While eating gently notice your hunger and satiety levels, and then give yourself permission to stop eating when your body tells you so, when you no longer enjoy the taste as much, when you’re no longer physically hungry and when your stomach feels comfortably full and your satiety feeling gives you the signal of energy and well being.
With time and consistent practice, you can practice mindful eating, without closing your eyes, and while around people and no one will notice what you are doing.
Mastering the Art of Moderation
Each day should include moderate amounts of food that brings you pleasure. Moderation allows us to live at peace with our food, knowing that eating small amounts of the less healthy food, won’t be enough to disrupt the healthy relationship.
And with time and practice, you will master the art of moderation, you can really enjoy few bites of your favorite dessert and feel satisfied with few chips or crackers for a snack.
You can attend big holiday dinners without anxiety, and you can go to parties and buffets where multiple delicious foods are there, while feeling a sense of freedom that comes from knowing that you have mastered the art of moderation and you’re not going to overdo it, it comes from knowing that you can eat smaller portions and yet feel more satisfied.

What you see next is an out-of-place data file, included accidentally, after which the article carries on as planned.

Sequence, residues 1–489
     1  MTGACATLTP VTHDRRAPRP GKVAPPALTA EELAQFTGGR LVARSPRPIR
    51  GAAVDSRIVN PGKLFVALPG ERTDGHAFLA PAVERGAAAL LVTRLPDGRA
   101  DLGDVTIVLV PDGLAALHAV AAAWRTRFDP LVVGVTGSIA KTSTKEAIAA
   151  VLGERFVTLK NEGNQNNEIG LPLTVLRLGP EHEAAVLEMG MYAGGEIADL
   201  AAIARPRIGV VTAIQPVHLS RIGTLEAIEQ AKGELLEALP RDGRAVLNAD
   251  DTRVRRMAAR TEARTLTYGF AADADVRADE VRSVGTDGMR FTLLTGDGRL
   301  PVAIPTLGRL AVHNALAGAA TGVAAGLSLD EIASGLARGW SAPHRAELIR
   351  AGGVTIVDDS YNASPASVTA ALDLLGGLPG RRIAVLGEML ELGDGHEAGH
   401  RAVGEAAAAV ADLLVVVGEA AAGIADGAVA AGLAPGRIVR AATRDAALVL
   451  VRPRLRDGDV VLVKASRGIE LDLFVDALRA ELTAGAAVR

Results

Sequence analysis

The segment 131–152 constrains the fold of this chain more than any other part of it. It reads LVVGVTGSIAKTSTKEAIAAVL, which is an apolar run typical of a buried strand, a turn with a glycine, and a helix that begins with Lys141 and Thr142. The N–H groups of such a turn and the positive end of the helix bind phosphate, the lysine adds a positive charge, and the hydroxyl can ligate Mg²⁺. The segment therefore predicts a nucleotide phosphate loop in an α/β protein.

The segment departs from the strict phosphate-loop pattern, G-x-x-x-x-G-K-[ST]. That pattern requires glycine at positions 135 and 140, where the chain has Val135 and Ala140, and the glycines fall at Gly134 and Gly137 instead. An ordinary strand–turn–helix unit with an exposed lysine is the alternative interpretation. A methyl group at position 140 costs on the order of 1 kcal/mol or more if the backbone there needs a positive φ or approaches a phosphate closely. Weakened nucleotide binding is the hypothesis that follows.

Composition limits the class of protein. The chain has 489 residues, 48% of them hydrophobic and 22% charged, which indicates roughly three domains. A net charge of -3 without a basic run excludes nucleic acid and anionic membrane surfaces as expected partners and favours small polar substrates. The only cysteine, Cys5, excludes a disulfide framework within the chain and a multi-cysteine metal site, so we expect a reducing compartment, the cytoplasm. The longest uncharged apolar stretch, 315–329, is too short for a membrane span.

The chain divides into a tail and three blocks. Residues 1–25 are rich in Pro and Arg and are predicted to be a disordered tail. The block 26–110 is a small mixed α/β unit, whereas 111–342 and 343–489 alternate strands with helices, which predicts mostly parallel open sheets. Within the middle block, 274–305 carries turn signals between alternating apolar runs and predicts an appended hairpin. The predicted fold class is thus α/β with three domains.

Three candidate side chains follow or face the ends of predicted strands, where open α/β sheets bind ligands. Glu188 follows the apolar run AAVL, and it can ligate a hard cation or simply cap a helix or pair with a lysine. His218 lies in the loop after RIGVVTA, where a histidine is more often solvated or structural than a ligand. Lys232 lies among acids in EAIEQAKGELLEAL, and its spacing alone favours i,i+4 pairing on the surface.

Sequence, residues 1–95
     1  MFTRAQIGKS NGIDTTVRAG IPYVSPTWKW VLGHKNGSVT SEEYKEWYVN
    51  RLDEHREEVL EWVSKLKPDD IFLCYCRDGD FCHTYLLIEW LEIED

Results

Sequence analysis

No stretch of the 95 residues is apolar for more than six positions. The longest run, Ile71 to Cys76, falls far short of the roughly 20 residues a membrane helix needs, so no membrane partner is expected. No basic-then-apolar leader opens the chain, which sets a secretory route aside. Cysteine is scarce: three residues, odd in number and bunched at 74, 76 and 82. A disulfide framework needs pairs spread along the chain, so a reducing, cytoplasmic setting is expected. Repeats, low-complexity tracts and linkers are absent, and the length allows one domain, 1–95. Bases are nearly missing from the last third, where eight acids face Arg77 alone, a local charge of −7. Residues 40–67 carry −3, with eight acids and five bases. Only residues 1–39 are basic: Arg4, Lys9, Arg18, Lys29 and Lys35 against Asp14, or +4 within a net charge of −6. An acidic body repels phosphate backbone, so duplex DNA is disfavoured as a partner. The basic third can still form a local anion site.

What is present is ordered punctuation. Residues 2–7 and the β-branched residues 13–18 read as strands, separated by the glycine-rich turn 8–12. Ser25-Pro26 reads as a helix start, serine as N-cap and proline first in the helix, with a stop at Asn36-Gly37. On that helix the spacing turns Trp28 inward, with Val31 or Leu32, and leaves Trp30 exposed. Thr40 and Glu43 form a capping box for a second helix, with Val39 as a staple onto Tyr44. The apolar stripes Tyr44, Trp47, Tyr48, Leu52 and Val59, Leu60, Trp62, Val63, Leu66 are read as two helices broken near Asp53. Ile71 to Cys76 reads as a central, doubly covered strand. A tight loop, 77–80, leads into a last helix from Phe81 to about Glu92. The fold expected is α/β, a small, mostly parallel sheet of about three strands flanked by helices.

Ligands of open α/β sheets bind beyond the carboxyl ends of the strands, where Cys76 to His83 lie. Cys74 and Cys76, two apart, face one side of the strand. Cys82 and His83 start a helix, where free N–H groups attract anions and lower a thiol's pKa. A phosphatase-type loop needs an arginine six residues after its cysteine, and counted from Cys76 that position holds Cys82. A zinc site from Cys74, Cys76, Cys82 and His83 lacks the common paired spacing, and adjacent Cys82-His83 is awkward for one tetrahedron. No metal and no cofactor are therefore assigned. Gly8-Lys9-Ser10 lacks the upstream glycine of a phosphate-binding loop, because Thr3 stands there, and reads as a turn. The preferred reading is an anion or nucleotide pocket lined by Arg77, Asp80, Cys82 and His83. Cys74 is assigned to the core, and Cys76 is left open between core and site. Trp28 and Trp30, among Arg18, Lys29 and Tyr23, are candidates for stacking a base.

You may not be able to do all of this today or by next week or month, but if you would like to learn more about mindful eating, check out our course where you will learn the practices and the skills to make these experiences your norm. You will lose weight if that’s your intention and maintain it without feeling deprived and without missing out on everything you love about eating.
Other Applications of Mindful Eating
Mindful eating extends beyond just eating, it also includes:
- Planning — Being mindful while you decide on what to eat: look up recipes, make your grocery list, and being mindful while you are shopping for your ingredients.
- Preparing for meals — Pay attention while you’re preparing your meal, washing the food, chopping, mixing ingredients, and how you present your food and set up the table when eating mindfully.
- Cleaning up — Be mindful while you clean up after you finish eating, clearing the table, storing away leftover food, composting food or garbage, and washing the dishes.